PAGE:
A significant factor behind this movement was the work of Louis Massignon (1883-1962), a Catholic scholar of Islam and a pioneer of Catholic-Muslim mutual understanding. Massignon taught that we need a “Copernican revolution” in our approach to understanding Islam. We have to place ourselves in the center of the Islamic mindset, understanding Islamic spirituality, and conduct dialogues from that vantage point.
During the Council, one of Massignon’s disciples, the Egyptian Dominican theologian, Georges Anawati (1905-1994), actively “lobbied,” in conjunction with other council members, for positive statements about Islam in official documents. This group succeeded: Nostra aetate and Lumen gentium contain laudatory statements about Islam: “The plan of salvation also includes those who acknowledge the Creator, in the first place amongst whom are the Moslems,” an Abrahamic monotheistic religion, submitting “without reserve to the hidden decrees of God,” and sharing much with Christianity in basic beliefs and moral teachings.
But in view of the hateful attitude toward other religions shown throughout Islamic scriptures, as well as the massive numbers of murders and church-burnings and persecutions we’ve seen for decades now, was such praise simply wishful thinking? Condemnations of obvious features of Islam are almost non-existent in today’s Church.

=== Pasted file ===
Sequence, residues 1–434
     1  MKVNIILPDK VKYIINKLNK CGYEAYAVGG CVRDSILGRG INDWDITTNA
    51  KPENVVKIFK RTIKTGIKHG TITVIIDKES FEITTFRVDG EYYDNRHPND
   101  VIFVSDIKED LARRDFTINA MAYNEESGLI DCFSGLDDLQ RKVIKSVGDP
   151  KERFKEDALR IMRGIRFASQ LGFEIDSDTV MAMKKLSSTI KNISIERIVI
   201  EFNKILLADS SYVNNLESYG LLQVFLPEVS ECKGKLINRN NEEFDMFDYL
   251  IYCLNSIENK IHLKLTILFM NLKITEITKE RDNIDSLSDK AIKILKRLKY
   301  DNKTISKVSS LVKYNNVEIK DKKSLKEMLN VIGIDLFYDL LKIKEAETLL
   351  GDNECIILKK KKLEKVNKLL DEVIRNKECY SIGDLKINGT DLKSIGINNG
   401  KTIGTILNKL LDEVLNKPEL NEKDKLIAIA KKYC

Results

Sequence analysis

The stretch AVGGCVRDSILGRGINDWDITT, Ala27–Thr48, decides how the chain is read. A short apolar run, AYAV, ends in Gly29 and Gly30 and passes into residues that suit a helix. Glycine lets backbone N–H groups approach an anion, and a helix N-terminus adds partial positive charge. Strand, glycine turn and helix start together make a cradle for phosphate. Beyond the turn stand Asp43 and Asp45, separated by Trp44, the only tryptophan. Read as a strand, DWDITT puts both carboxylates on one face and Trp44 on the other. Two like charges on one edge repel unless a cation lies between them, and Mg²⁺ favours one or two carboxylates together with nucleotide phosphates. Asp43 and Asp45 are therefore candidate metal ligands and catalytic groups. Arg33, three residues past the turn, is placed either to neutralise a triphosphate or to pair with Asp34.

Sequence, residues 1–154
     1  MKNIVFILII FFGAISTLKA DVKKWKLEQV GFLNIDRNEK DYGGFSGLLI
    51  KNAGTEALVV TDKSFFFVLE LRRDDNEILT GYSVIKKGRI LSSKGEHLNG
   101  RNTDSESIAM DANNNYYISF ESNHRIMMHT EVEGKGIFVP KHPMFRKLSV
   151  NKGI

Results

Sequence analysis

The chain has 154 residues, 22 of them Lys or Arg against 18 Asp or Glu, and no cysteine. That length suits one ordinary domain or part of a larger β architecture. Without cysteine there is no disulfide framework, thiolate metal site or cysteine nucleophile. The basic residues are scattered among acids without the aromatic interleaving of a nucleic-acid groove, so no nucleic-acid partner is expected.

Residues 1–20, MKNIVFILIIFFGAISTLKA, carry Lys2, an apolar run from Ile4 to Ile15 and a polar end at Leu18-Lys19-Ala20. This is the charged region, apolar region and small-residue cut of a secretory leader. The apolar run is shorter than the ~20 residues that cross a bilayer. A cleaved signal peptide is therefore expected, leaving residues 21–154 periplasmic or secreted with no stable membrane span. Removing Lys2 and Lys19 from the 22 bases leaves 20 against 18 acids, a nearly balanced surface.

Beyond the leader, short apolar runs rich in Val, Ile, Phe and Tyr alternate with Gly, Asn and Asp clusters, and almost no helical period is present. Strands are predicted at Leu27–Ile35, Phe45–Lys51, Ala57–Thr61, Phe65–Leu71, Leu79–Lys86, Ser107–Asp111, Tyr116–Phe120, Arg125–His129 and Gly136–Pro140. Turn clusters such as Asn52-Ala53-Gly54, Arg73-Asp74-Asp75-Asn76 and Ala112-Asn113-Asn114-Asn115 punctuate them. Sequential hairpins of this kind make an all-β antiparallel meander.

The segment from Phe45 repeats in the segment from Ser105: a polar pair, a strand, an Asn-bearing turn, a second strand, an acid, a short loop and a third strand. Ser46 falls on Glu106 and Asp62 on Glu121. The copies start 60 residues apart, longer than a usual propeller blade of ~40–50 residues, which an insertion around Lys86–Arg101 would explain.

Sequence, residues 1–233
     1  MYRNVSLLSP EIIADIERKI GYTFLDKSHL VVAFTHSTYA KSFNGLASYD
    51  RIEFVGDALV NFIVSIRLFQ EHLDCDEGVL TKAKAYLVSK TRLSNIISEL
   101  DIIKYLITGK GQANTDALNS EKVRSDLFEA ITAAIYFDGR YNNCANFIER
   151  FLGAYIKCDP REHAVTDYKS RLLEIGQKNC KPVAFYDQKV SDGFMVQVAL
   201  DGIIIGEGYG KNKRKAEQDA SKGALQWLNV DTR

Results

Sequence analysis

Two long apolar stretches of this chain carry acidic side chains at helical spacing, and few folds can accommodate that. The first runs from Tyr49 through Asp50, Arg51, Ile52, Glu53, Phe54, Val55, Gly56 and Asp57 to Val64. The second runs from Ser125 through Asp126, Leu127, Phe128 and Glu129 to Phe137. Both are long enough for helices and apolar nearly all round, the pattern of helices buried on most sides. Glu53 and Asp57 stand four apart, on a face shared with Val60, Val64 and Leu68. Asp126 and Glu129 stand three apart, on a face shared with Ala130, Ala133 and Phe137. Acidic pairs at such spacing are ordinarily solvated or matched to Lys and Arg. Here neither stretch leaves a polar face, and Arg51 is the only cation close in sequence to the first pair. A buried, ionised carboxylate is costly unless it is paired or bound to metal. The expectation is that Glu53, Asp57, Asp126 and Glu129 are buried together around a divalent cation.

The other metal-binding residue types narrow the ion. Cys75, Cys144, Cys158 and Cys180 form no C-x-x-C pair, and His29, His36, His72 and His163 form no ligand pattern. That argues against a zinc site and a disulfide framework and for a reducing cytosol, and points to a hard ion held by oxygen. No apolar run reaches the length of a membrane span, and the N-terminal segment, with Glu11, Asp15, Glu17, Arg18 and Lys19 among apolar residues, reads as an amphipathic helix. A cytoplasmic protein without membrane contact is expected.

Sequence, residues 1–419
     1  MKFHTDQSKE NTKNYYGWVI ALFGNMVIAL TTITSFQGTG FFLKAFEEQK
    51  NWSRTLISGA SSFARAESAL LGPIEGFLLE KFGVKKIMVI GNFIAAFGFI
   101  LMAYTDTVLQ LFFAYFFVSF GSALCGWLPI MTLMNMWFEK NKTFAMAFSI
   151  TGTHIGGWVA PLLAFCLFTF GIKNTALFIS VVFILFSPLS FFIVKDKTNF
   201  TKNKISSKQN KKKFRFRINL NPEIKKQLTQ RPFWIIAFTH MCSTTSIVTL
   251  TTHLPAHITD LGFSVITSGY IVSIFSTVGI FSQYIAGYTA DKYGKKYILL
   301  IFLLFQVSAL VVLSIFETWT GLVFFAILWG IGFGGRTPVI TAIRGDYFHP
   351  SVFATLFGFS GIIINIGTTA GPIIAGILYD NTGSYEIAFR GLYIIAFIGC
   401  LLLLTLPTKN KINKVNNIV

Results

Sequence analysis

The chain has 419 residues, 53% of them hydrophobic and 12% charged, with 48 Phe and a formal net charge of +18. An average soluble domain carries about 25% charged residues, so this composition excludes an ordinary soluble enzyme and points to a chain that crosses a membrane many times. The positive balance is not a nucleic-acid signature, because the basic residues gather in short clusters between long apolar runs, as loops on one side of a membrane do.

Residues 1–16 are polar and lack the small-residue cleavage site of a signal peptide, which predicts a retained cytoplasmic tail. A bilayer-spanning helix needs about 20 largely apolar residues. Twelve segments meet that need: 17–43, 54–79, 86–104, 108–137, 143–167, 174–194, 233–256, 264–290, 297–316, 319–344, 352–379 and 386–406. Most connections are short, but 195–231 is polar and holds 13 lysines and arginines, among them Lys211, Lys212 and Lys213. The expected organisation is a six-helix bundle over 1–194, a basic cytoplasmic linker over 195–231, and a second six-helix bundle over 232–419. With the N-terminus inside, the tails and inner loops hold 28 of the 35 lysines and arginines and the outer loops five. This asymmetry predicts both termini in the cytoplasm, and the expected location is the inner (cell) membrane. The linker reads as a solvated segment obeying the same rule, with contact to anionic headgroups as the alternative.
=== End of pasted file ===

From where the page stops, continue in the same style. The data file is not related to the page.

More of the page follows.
Pope Pius XI published Mit brennender Sorge, an open critique of the German Reich and Divini redemptoris against Communism. Pope Pius XII chose to work persistently, but undercover, during his papacy, to defeat Nazism and save Jews. What if he, too, had published a bold condemnation of Nazism?
During Vatican II, the Soviet Union was a global scourge, and Our Lady of Fatima in extraordinary appearances at the outset of the Communist revolution had even warned the Church about Russia “spreading her errors throughout the world.” But incredibly there was not a whiff of criticism of Communism from the Council. What would have happened if Paul VI had strongly condemned the USSR, Leninism, and Marxism? Is diplomatic caution essential in papal pronouncements? Or should we follow the Holy Roman Emperor Ferdinand I’s motto, Fiat justitia, pereat mundus, “let justice be done, even if the world perishes”?
And with regard to Islam now, an outright papal condemnation of the religion, such as uttered by popes from past centuries, we can be sure, would result in massive disturbances throughout the world – perhaps World War III. And such a condemnation might unfairly tar the moderate Muslims along with the extremists. But short of condemnation, continuous eulogizing is out of place. And as to “the religion of peace,” it’s time to take into account the traditional Muslim interpretation of “peace.” The world is divided into two “houses” – the House of Peace (Dar Al-Salaam) and the House of War (Dar Al-Harb). Only Muslims are within that first “house.”